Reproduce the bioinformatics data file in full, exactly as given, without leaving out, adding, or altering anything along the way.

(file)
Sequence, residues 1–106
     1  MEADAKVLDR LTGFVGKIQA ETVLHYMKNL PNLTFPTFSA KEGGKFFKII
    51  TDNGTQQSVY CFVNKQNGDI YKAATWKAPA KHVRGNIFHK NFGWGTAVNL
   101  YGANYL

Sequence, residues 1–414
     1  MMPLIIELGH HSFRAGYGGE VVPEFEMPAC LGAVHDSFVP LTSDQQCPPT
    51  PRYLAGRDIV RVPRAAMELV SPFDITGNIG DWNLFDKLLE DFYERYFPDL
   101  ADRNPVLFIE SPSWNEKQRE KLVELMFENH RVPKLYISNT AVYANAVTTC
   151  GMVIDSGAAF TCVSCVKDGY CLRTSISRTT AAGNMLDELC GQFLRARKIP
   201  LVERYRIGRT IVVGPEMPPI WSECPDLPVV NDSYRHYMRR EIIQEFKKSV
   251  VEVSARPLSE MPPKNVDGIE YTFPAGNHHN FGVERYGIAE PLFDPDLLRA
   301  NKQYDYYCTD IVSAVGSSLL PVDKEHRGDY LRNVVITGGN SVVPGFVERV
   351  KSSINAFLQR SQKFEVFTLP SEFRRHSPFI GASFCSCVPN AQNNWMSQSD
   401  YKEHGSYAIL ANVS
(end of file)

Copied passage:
Sequence, residues 1–106
     1  MEADAKVLDR LTGFVGKIQA ETVLHYMKNL PNLTFPTFSA KEGGKFFKII
    51  TDNGTQQSVY CFVNKQNGDI YKAATWKAPA KHVRGNIFHK NFGWGTAVNL
   101  YGANYL

Sequence, residues 1–414
     1  MMPLIIELGH HSFRAGYGGE VVPEFEMPAC LGAVHDSFVP LTSDQQCPPT
    51  PRYLAGRDIV RVPRAAMELV SPFDITGNIG DWNLFDKLLE DFYERYFPDL
   101  ADRNPVLFIE SPSWNEKQRE KLVELMFENH RVPKLYISNT AVYANAVTTC
   151  GMVIDSGAAF TCVSCVKDGY CLRTSISRTT AAGNMLDELC GQFLRARKIP
   201  LVERYRIGRT IVVGPEMPPI WSECPDLPVV NDSYRHYMRR EIIQEFKKSV
   251  VEVSARPLSE MPPKNVDGIE YTFPAGNHHN FGVERYGIAE PLFDPDLLRA
   301  NKQYDYYCTD IVSAVGSSLL PVDKEHRGDY LRNVVITGGN SVVPGFVERV
   351  KSSINAFLQR SQKFEVFTLP SEFRRHSPFI GASFCSCVPN AQNNWMSQSD
   401  YKEHGSYAIL ANVS